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How to Use a Calendar to Create Time and Space

How to Use a Calendar to Create Time and Space

There has been plenty of discussion online and off about how a calendar fits into one’s productivity system. The general rule of thumb is that scheduled appointments should go in your calendar, while tasks and the like should go into whichever task management system you use.

What often gets lost in the discussion is what appointments should go into your calendar in order to best maximize your time and ensure you’re making progress on the things you really want to be doing. One of the best ways to do this is to get a bit more granular with the definition of appointments so that you can use your calendar more effectively as part of your overall productivity system.

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Types of Appointments

1. General Appointments

These are appointments in the most traditional sense. They may be doctor’s appointments or business lunches. Either way, they are fairly general in terms of what we define as appointments, so they should be treated as such. These types of appointments can be moved to different dates if given enough notice and both parties are able to make it happen, although you should try to keep them “as-is” in most cases.

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2. Self-Appointments

These are appointments you make with yourself. They can be time blocks that you schedule so that you can work on tasks or projects without interruption – by yourself or others through distraction. These types of appointments are also transferable, but I would recommend you try to build a framework so that they stay as static as possible. Pick some time where you can work in 90 minute intervals as a self-appointment regularly so that you can create a habit and improve productivity. Break these times up with breaks where nothing is set in stone. You can even take the larger blocks and break them down into smaller chunks using The Pomodoro Technique if you’d like so that you can move from task to task.

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Keep these amount of time sacred, but be nimble enough that you can move that amount of time to other hours of the day.

3. Team Appointments

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These are appointments where a team is needed to come together. The best way to schedule these is after the other two types of appointments are locked in your calendar. While it might be hard to schedule these after doing so, there are tools like Doodle, Tungle.me, and even Google Calendar that can help pick optimal times where most can be present. When it comes to these types of appointments, the needs of the many should outweigh the needs of the few, so self and general appointments may have to be adjusted in order to make them work. But only adjust those as a last resort – your time is important and your teammates need to realize that.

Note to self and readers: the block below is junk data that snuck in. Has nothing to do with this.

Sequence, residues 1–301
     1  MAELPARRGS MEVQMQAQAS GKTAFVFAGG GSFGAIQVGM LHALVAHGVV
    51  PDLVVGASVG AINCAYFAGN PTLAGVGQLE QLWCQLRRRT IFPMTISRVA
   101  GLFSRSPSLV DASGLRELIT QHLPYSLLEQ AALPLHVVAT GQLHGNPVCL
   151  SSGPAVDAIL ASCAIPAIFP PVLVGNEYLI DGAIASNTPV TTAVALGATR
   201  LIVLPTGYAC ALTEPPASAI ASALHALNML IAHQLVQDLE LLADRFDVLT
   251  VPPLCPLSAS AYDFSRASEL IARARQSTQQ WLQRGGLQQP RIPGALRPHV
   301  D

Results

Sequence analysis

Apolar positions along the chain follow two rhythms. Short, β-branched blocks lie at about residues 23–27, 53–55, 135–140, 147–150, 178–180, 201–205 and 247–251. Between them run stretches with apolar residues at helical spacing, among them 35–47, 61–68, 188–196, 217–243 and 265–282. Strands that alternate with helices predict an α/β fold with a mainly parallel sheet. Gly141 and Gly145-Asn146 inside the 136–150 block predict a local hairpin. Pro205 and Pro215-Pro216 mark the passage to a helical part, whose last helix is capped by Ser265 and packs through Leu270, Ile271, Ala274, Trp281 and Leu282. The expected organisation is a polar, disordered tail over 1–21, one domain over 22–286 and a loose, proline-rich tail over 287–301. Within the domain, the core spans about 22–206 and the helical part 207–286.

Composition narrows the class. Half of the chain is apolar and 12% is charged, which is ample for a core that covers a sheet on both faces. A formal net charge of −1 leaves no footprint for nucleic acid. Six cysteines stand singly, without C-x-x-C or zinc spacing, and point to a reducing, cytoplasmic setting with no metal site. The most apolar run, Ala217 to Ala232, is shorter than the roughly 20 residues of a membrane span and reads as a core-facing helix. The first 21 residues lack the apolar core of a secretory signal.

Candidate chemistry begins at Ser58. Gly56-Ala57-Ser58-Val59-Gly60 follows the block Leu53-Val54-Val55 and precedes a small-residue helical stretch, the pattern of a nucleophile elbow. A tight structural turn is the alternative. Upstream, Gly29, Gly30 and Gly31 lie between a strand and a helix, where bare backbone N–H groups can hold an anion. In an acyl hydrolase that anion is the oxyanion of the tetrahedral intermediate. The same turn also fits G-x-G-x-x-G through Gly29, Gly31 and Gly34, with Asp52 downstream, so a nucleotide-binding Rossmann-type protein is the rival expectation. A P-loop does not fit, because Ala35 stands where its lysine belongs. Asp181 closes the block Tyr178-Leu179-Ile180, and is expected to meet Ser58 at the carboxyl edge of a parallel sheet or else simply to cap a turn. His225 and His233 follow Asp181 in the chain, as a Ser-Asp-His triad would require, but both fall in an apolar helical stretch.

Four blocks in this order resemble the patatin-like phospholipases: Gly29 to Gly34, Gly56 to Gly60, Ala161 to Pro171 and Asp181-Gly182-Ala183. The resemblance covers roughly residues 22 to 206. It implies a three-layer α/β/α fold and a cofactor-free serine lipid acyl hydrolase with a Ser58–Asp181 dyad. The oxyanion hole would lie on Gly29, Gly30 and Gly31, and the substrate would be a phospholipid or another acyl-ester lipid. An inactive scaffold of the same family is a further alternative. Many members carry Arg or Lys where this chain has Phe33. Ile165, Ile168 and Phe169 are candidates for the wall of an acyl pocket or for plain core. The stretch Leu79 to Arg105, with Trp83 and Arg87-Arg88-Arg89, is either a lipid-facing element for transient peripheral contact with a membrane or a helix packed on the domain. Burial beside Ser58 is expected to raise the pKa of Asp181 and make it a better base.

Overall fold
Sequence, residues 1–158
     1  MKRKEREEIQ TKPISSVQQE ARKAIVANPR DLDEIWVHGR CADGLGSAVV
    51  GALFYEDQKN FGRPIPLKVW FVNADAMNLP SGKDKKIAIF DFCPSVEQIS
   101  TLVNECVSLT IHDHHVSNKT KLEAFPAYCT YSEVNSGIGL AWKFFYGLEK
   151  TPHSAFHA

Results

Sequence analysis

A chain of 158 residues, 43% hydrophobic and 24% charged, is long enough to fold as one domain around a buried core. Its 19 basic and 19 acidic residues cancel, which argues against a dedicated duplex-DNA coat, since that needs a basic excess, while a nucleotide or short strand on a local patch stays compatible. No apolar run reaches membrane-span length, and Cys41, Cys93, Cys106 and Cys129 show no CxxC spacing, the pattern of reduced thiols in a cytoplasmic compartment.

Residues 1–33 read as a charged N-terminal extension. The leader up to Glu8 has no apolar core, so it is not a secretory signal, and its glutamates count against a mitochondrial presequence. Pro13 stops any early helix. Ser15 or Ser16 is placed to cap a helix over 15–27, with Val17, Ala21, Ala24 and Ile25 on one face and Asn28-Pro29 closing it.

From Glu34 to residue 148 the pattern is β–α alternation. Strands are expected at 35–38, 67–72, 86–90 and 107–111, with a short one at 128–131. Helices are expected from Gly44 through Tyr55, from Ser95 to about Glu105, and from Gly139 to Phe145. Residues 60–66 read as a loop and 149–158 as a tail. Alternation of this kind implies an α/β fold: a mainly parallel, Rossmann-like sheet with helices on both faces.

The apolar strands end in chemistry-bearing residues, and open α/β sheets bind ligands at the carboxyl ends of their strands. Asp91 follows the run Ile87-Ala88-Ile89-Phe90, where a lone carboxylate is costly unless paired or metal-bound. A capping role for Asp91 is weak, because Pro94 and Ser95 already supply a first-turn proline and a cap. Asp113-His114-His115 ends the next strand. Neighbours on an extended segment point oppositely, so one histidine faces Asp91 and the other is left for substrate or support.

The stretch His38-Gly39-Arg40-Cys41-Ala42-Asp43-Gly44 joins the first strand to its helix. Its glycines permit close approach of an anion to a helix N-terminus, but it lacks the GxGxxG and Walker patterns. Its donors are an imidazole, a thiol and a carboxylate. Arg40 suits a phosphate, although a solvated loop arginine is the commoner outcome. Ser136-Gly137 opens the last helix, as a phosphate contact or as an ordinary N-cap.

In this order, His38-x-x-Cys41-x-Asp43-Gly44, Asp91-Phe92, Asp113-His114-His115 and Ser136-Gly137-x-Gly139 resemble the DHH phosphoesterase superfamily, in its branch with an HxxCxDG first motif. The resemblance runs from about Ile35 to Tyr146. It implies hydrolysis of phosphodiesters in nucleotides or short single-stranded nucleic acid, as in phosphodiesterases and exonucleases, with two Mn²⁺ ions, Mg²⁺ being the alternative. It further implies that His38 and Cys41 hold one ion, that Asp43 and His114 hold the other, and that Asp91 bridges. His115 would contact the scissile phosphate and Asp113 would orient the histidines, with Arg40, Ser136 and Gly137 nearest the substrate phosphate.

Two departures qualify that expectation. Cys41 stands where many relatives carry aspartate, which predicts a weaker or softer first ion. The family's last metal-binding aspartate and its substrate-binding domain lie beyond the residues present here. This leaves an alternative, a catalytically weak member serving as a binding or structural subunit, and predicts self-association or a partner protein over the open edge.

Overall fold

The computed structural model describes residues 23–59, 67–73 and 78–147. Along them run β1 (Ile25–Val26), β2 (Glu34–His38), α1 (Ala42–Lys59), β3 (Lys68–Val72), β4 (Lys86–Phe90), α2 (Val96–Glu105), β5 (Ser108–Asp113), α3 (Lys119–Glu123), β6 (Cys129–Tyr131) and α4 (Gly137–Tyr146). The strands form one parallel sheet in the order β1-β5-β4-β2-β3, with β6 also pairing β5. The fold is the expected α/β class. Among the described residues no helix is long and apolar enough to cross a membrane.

Conclusion

I’ve heard some productivity types say that scheduling time blocks works against you – that it goes against the grain and is nearly impossible to do. But John Cleese has brought forth the argument that people need two things in order to create: time and space. I couldn’t agree more with that assessment.

If you keep in mind the types of appointments you have at your disposal, your calendar becomes a tremendous tool that allows you to create this time and space for yourself.

(Photo credit: Close Up of a Calendar Page via Shutterstock)

More by this author

Mike Vardy

A productivity specialist who shows you how to define your day, funnel your focus, and make every moment matter.

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Last Updated on June 21, 2019

Announcing Our New Podcast: The Lifehack Show

Announcing Our New Podcast: The Lifehack Show

We’re very excited to announce the launch of our new podcast, The Lifehack Show!

In each episode, our host, Ally Kramer (Content Director of Lifehack), interviews experts from around the world as they share advice on how to break through limitations that can keep you from reaching your goals.

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She also taps into what makes these successful role models tick, and talks with them about their personal stories of overcoming obstacles and finding success on their own terms.

Our first guest is Annie Ridout, author of The Freelance Mum: A flexible career guide for better work–life balance. Along with being an author, Annie is also the editor of the digital parenting and lifestyle platform The Early Hour, and a freelance journalist for national news and women’s magazines, such as the Guardian, Forbes, Grazia, Red Magazine, Stylist, Metro, and the Telegraph. She also speaks on BBC radio and television, and runs online courses made especially for freelancers and entrepreneurs.

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In this episode Annie Ridout shares some wonderful insight on freelancing while also juggling the art of parenting.

Episode 1: Freelancing as a Stay at Home Parent

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